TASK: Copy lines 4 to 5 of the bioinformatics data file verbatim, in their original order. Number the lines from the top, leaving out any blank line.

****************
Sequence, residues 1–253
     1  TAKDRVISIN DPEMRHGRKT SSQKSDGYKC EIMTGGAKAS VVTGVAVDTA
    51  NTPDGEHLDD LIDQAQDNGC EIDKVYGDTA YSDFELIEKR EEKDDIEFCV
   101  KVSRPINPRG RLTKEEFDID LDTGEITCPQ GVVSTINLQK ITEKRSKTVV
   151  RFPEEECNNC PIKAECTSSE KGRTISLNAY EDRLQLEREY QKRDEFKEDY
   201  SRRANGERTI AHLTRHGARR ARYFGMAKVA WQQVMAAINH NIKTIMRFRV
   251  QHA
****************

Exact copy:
   101  KVSRPINPRG RLTKEEFDID LDTGEITCPQ GVVSTINLQK ITEKRSKTVV
   151  RFPEEECNNC PIKAECTSSE KGRTISLNAY EDRLQLEREY QKRDEFKEDY